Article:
Sep 3: Reputable night’s sleep. Doctor came and discharged me. Pharmacy sorting out drugs. Came back from shower and graduate nurses Zaiheb and Courtney were standing by my bed, grinning. When I approved how neatly they had made it, C said, “If we had had a iron , we would have ironed it for you.” Brought tears to my eyes. Akii came and Zaiheb found a chair. Wheeled out to Graham waiting by the car; he drove us back. Feels weird to be back home, here. Felt safer there.


Nine days of superb care made a great difference. Thankyou Ninewells. Thankyou NHS. 

14. October 2022 · Comments Off on Transfusion Day · Categories: Uncategorized

I was not good over the summer. You can see how much weight I had lost …

Friday 29 July 2022

I was in such a daze the date of the first transfusion that I can no longer remember it. But roughly a month ago. It took six hours, with time spent awaiting delivery of the bags … it had all happened, been organised quite fast, which may explain? I do recall that each time the nurse hooked them up, I said thank you to whoever had been the donors. Blood is a precious commodity, and potentially life-saving.

I am on time today, 9.30am on the dot, having driven 25 miles. But am then confused (and irritated) by the new-style mandatory mask, that has ribbons to tie behind the head. Such a palava! Fortunately Akii finds an one in the car. He then leaves to catch the 10.08 bus into Dundee.

Everyone is now calling me Angela; seems I have become a regular. I take a chair on the back row. Only four others patients so far. A dark-haired nurse with gothic eyebrows and loads of tattoos offers me coffee, tea, water or lemon water. I accept the latter, which proves very refreshing. Unpack my backpack while laughing that the guy next to me just ordered a Guinness. Cancer and a sense of humour!

The floor is coral coloured. Walls pale apricot. Chairs dark blue. Nurses’ station, grey.

9.40: Nurse finds a vein for the canula. Ouch, ouch. I am such a wuss. What is a wuss? A pathetic weakling, responds Google. Sounds about right. My blood type is 0+, as is most of Scotland. Blood pressure slightly down.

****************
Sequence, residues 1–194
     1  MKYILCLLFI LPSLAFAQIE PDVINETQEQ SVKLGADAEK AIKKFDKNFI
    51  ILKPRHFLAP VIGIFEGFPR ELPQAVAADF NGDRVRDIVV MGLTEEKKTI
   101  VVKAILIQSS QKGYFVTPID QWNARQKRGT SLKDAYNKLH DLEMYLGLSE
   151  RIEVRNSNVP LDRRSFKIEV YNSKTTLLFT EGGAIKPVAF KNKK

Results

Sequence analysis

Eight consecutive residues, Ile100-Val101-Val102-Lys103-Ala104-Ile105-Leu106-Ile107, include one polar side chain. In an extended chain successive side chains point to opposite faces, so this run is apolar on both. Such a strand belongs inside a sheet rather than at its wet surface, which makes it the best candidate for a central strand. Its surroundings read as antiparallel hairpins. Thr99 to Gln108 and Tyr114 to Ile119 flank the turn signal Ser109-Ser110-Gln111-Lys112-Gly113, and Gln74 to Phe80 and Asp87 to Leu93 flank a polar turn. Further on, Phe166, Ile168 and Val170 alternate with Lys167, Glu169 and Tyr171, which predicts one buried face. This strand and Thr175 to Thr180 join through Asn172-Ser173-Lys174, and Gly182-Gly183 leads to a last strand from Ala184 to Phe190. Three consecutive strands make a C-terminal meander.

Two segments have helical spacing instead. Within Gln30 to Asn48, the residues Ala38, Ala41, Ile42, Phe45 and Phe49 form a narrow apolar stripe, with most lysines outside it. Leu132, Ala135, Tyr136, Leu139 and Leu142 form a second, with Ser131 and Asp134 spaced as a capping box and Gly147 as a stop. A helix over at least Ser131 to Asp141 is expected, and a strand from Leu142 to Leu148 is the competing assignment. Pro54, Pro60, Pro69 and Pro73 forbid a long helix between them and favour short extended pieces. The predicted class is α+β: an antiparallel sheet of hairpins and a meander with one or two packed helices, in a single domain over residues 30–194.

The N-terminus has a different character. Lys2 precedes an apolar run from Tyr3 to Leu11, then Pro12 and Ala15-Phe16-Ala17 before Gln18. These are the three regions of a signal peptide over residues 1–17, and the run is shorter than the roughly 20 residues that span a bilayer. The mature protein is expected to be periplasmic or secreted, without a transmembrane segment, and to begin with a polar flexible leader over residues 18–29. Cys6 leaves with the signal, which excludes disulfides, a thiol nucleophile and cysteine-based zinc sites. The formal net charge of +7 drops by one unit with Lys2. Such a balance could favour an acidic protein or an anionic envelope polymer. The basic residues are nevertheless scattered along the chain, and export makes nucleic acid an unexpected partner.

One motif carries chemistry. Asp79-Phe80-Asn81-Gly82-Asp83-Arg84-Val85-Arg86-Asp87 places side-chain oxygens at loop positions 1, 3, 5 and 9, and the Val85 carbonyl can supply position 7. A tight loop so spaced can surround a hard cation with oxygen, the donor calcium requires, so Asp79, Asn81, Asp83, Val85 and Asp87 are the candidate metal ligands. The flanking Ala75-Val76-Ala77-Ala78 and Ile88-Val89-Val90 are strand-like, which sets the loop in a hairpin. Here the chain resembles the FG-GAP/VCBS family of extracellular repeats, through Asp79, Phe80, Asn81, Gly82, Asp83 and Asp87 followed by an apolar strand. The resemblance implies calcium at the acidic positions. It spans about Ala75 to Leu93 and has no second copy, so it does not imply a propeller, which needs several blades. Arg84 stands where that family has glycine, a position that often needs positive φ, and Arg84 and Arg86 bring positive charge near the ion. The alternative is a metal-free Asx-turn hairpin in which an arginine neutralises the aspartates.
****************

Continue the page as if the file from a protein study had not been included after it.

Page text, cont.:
10.00: Bag in place and dripping into me nicely. Feel okay, just very tired.

10.05: Brought the wrong glasses. Can’t read. BP100/62. Two new patients: an Indian man in his 30s, and a woman in her 50s wearing a turban. Nurse notes: “Most are creatures of habit and always head for the same chair.” A woman with long blonde hair is being told gently that she is likely to lose it. Susan talked with her for over an hour; amazing patience and empathy.

11.15: Eight of us. Unplugged to go to the toilet. Plug myself back in on return. Peeing is painful.

Times passes, staff constantly on the move; they never stop for a minute. Man in his 60s waiting for pills has “two grandsons waiting outside in the car”.

11.30: More lemon water. An older woman asks for a cushion. “For your wee bum?” responds Susan. The seats are not as comfortable as first imagined. My nurse, Lorraine, has loaned me her reading glasses; read a few pages, heading towards the end of The Man Who Invented Infinity.

12.15: BP 122/72. Now my ‘bum’ is hurting. Sitting too long.

12.20: Second bag. Jolly conversation about urine infections. Choose an egg sandwich for lunch, the package stating ‘Handmade in Scotland with passion for over 25 years’. Also a yoghurt. “Late today”, commented Lorraine’ Food usually here at midday.” I ask her what she had planned for the weekend, and am told with a gleeful grin: “A Roxy MusicTribute Band, and if the sun comes out, a nice round of golf.”

13.00: William in the next chair is reading. Not a social creature. Our ‘bags” are level pegging. Everyone else is sleeping or on mobiles. People drift in and out collecting meds. A tiny Asian woman. An obese woman in a wheelchair. As I watch nurses changing plastic aprons and gloves every time they approach anyone, I am horrified to think of the waste …

14.00: Bags are empty, flushing with saline begins. Canula removed. Gather myself and leave. Outside, waiting for Akii on a bench, William passes and nods. “See you next month?” I ask. “three weeks for me”, he replies and is driven off … No idea if and when I will be back. Duncan (Dr Gowan) was talking about six months of transfusions, “to see where we go”. Back on August 25 for another consultation. Wish I felt better. Tomorrow, maybe.

Waiting every two weeks for the appointment with the consultant, I sit opposite this lovely Chinese silk painting of “100 birds”. It is always off kilter and I never leave without straightening it. Something positive I can do, somehow, to make me feel useful rather than completely useless.